By Alyce Collins
THIS STUDENT had his first hip replacement aged TWENTY, and by the age of TWENTY-FOUR he had his fourth hip replacement as a result of a rare bone disorder which ATE AWAY at his hips.
Graduate student, Aaron Blocker (26) from Mississippi, USA, was diagnosed with Crohn’s disease in 2009 and then diagnosed with avascular necrosis in both hips in 2010, meaning the bones were gradually dying without Aaron knowing.
In September 2012, at the age of just 20, Aaron was told that he would need major surgery involving replacing both of his hips due to his deteriorating condition. The pain from just walking a few steps became too difficult and surgery was the only option.
Aaron has been diagnosed with hypophosphatasia, a rare disorder that affects the development of bones which caused the necrosis of the hips. The disease affects less than 1,000 patients across the USA, making the diagnosis very difficult.
While in the middle of studying for his master’s degree at the age of 24, Aaron underwent his fourth hip surgery in as many years. The initial hip replacement was supposed to last between 15 and 20 years, but at the time doctors weren’t aware of Aaron’s rare bone disease which ate away at his hips.
Despite spending a lot of time on crutches and facing limitations every day due to his condition, Aaron remains positive and hopes to redefine the idea of a ‘normal’ life to show others that it’s still possible to accomplish anything they desire.
“I was diagnosed with avascular necrosis of both hips in my second year of university in 2010, and then last year I was diagnosed with an ultra-rare genetic bone disease called hypophosphatasia,” said Aaron.
“Hypophosphatasia contributed to me developing avascular necrosis which meant I needed so many hip replacements.
“Before surgery I had horrible pain, couldn’t walk well. I was on crutches and wore leg braces on and until the surgery.
“I was 20 years old and told I needed my hips replaced, so major surgery was needed. It’s a surgery that people typically don’t need until much later in life, so I was devastated.
“My first hip replacement was September 2012 and I was in the hospital for five days after. The surgery really helped – I didn’t realise how bad they had become until I could barely walk and realised it needed replacing.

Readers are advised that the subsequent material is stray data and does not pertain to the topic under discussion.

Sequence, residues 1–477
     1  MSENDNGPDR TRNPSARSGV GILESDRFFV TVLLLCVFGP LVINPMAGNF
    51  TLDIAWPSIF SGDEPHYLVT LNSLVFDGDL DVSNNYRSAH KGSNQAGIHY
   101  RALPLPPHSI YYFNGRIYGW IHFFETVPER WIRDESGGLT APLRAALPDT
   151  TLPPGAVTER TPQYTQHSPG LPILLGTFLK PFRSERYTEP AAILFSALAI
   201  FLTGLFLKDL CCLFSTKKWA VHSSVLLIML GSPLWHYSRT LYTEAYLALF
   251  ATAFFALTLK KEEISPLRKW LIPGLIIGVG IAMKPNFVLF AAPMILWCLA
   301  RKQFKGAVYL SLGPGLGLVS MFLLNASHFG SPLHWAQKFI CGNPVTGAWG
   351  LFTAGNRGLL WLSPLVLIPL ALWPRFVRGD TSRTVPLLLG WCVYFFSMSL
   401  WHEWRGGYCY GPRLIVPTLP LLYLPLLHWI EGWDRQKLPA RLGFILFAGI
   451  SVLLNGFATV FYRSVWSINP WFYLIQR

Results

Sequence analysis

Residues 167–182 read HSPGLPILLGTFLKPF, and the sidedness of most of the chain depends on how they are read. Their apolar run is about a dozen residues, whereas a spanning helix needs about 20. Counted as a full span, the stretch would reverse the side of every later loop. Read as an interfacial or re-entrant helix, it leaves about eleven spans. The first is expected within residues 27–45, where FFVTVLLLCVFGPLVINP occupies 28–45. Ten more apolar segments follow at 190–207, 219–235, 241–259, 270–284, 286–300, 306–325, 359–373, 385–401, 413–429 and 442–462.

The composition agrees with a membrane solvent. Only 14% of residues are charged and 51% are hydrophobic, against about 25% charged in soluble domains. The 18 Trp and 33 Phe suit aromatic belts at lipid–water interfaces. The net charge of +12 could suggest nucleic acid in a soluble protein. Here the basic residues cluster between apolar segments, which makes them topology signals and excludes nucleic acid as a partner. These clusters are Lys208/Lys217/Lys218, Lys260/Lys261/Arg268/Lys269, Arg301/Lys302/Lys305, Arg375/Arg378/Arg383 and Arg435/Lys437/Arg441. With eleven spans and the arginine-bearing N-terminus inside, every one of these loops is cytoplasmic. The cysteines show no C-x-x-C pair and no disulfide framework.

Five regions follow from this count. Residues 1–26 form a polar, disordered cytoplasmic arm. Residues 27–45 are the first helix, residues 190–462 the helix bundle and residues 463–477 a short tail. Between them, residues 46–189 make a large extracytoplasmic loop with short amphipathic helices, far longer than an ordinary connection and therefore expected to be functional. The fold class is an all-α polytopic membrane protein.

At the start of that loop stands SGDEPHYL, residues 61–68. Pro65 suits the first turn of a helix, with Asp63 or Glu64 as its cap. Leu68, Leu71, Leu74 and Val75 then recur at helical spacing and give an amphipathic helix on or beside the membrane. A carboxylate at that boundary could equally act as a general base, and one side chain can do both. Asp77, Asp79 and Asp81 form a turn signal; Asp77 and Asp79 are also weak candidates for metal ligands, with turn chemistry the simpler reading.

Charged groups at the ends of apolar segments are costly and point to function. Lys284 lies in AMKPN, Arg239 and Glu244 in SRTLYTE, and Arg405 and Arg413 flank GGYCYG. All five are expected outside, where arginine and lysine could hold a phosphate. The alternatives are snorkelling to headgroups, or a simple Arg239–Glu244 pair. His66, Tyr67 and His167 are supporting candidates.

“The next hip replacement was December 2012, but I ended up staying in hospital for 10 days because I had an infection in my incision.
“Hip replacements generally don’t last terribly long. I was told my initial replacements might last 15-20 years, but back then we didn’t know I had a rare bone disease, so they only lasted for three years, but no one knew why.
“When my hip replacements failed, and I was told that I needed both hips replaced again, after only three and a half years I was even more devastated because I was only 24 years of age – I knew I needed it because of the problems I had, but it was tough.
“I sat in my car after my appointment and cried to myself. Since I was only 24 when I had my second round of replacements, even if I get 20 years out of them, I would still need them replaced again later in life.
“With my bones being so bad, there’s always a chance I may need surgery here and there. It’s just a fact of living with my diseases.
“Getting the hypophosphatasia diagnosis was a bit of relief in hindsight honestly. I have had bone problems since I was born so the diagnosis, although it was scary, it was a relief to us all to finally understand the issue.”
Aaron wants to encourage people to be positive despite what their condition is as he refuses to be beaten by his bone disease.
The rare disease has an impact on Aaron in his daily life, from causing pain to stopping him from being able to run. However, he has a level of pride from what he has managed to accomplish so far, including starting a family with his wife, Emily, and hoping to work in microbiology research.
“I have always tried to live in spite of my disease and show that even though I have faced more health challenges in my 26 years of life than most people will in their entire life, I can still pursue my dreams and accomplish a lot,” said Aaron.
“I want to be honest and open by telling people that it’s not easy. I have to put in so much extra work to work around my disease and to know my limits.
“So many people are shocked when they learn that I have had hip replacements so young. I have had some people not even believe me until I showed them proof.
“I think the hardest part, outside of the surgery, is the physical limitations I face because of it. My rare disease impacts my energy levels, causes pain and limitations, but having four hip replacements means you can never go back to ‘normal’.
“I can’t run, can’t squat, and I have muscle problems in my legs from surgery, so it’s been tough. I still have a normal life and I can do a lot of stuff, but I do have limitations which will always be present.
“I am proud of what I have accomplished with my schooling and also of the advocacy work I do as a patient.”
You can follow Aaron’s advocacy work on Instagram, @aaronblocker_.